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Updated October 17, 2007 

Technology Idea: A Coin Cell


Background:

For a wet cell to be effective, two different metal electrodes and an electrolyte are necessary. Because the coins in your pocket are made of different metals, an effective wet cell can be built with the spare change.

In this activity, coins will be used to construct a wet cell.

Technology Idea pdf Download: A Coin Cell


Question:

How can coins be arranged to make a functioning wet cell?

Materials:

  • voltage sensor and alligator clips
  • USB link
  • 1 dime and 1 penny
  • construction paper
  • eraser
  • beaker of saltwater solution
  • wire (optional)

Procedure:

Step 1:

Obtain a voltage sensor, it looks similar to the picture below:

Plug the sensor into the USB link (that is connected to the computer or hand held data collection unit). If you are using a computer, set it up to collect voltage data on a digital display. For example, if you are using DataStudio software, your setup screen and display should look something like this:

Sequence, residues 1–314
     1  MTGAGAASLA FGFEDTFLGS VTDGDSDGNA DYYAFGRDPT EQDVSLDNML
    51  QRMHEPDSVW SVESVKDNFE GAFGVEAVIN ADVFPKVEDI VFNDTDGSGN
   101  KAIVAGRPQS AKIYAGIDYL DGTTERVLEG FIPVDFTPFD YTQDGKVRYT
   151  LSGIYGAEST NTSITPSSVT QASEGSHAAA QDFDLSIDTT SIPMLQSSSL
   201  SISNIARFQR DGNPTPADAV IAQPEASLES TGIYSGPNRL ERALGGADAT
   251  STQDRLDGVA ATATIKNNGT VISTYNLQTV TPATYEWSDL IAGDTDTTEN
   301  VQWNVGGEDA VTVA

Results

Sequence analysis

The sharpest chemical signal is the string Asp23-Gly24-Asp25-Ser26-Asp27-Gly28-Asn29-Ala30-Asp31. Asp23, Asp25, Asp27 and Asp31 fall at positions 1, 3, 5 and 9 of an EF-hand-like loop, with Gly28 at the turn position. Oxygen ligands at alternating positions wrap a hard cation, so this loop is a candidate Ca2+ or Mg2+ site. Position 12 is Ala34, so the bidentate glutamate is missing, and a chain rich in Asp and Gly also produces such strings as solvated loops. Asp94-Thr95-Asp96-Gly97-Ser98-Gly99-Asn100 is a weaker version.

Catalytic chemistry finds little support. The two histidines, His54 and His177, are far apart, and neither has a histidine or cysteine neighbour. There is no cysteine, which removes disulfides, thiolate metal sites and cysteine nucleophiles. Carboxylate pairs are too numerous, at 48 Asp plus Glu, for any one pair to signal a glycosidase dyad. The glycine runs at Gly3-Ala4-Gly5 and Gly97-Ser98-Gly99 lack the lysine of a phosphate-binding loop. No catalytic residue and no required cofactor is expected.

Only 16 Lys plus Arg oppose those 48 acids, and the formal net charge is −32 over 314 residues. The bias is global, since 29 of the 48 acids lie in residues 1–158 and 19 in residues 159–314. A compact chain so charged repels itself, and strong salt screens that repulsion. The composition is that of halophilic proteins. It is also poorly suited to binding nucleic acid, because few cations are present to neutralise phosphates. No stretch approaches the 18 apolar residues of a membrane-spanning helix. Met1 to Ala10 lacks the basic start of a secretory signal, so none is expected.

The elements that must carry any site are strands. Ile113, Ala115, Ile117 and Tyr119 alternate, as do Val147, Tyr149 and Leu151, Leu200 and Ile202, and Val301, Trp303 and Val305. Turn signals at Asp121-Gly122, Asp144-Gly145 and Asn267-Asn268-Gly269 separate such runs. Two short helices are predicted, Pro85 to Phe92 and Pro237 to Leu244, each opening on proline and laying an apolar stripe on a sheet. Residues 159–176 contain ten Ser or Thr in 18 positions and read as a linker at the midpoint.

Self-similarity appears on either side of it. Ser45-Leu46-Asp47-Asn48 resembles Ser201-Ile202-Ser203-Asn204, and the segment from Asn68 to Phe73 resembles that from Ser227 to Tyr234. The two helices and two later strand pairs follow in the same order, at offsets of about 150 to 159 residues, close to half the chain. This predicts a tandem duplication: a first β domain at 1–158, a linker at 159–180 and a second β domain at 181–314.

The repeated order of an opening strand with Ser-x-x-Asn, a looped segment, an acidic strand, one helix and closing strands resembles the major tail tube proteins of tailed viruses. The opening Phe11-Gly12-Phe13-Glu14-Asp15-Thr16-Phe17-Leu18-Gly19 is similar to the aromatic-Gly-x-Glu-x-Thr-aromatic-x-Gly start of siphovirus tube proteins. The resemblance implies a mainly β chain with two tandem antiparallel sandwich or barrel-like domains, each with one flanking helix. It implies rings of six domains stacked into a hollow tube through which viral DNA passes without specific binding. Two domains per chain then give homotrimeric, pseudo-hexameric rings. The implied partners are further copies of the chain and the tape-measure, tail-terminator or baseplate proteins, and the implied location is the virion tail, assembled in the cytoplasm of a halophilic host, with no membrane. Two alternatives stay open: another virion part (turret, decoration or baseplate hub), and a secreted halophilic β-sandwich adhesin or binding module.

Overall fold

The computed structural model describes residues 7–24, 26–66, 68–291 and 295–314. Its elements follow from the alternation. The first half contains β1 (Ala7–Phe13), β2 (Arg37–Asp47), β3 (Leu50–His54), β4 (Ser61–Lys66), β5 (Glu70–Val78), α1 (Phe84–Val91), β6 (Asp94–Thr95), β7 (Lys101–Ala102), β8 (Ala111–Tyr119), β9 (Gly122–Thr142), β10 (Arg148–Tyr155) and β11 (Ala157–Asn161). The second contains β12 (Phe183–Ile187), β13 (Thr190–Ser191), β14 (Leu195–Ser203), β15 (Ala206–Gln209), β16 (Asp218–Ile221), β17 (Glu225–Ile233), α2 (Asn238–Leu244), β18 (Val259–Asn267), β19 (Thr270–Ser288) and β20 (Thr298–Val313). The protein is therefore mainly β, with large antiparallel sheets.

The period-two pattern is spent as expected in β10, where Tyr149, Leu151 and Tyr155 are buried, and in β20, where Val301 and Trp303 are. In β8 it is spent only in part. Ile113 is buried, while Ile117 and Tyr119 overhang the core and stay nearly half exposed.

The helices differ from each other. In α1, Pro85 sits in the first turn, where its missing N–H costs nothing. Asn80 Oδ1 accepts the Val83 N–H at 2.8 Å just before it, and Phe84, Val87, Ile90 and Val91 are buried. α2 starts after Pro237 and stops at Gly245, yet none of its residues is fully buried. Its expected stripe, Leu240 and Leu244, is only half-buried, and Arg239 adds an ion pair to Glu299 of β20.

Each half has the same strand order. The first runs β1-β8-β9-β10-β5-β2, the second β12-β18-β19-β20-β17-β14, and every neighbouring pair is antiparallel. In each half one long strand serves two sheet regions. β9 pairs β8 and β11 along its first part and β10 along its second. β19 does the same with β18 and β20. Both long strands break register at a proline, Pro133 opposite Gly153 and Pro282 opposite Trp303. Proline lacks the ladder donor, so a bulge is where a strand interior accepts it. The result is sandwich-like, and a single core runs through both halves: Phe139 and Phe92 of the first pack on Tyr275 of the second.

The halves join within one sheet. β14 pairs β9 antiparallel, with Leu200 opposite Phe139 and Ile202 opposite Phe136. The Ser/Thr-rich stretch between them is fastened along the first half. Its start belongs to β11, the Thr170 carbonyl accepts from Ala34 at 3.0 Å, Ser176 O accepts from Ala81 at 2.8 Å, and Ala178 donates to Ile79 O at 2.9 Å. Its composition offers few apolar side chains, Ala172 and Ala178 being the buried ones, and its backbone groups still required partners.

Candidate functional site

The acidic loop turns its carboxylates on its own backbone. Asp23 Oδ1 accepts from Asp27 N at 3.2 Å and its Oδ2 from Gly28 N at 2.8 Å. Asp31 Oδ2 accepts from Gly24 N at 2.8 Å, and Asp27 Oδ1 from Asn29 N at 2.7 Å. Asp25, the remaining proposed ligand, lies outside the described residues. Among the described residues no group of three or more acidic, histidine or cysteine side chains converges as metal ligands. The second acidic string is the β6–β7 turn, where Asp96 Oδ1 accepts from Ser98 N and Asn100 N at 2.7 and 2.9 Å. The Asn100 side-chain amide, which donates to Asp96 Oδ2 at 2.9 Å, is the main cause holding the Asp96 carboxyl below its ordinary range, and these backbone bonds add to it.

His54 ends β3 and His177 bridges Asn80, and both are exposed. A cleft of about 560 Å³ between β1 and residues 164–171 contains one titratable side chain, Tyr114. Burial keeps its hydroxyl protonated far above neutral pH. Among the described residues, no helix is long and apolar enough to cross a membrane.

Step 2:

Clean each of the coins using the eraser. They should be clean and shiny, wash them with soap and water if necessary. Another way to help clean them is to soak them overnight in household vinegar.

Step 3:

Cut the construction paper into a round circle slightly larger than the penny. Soak the construction paper in salt water.

Step 4:

Using alligator clips, clip the voltage sensor leads onto the coins:

Use the coins to sandwich the soaked construction paper between them:

If you find it difficult to stack the coins in this manner, you might consider preparing some coins to make stacking them easier. Drill small holes in them and connect wires - then connect the alligator clips to the end of the wires:

Step 5:

Start collecting data and continue for about 30 seconds, then stop. Record how much voltage you coin cell produces. If your voltage readings are very low, try cleaning the coins again and adding more saltwater to the construction paper.

Analyze:

1. How much voltage did your coin cell produce? How might you change your stacked coin cell in order to increase the amount of voltage that it produces?
2. Take the two coins and place them directly into the saltwater in the beaker. Collect voltage data as you did with the stacked coins. Does this produce more, less, or the same amount of voltage? Provide an explanation for your voltage observations.

Conclude and Apply:

3. Write an answer to the following question:
  • How can coins be arranged to make a functioning wet cell?
4. If you were given 5 pennies and 5 dimes to repeat this experiment, how would you arrange the coins? Would this be a "cell" or a "battery"? Explain.

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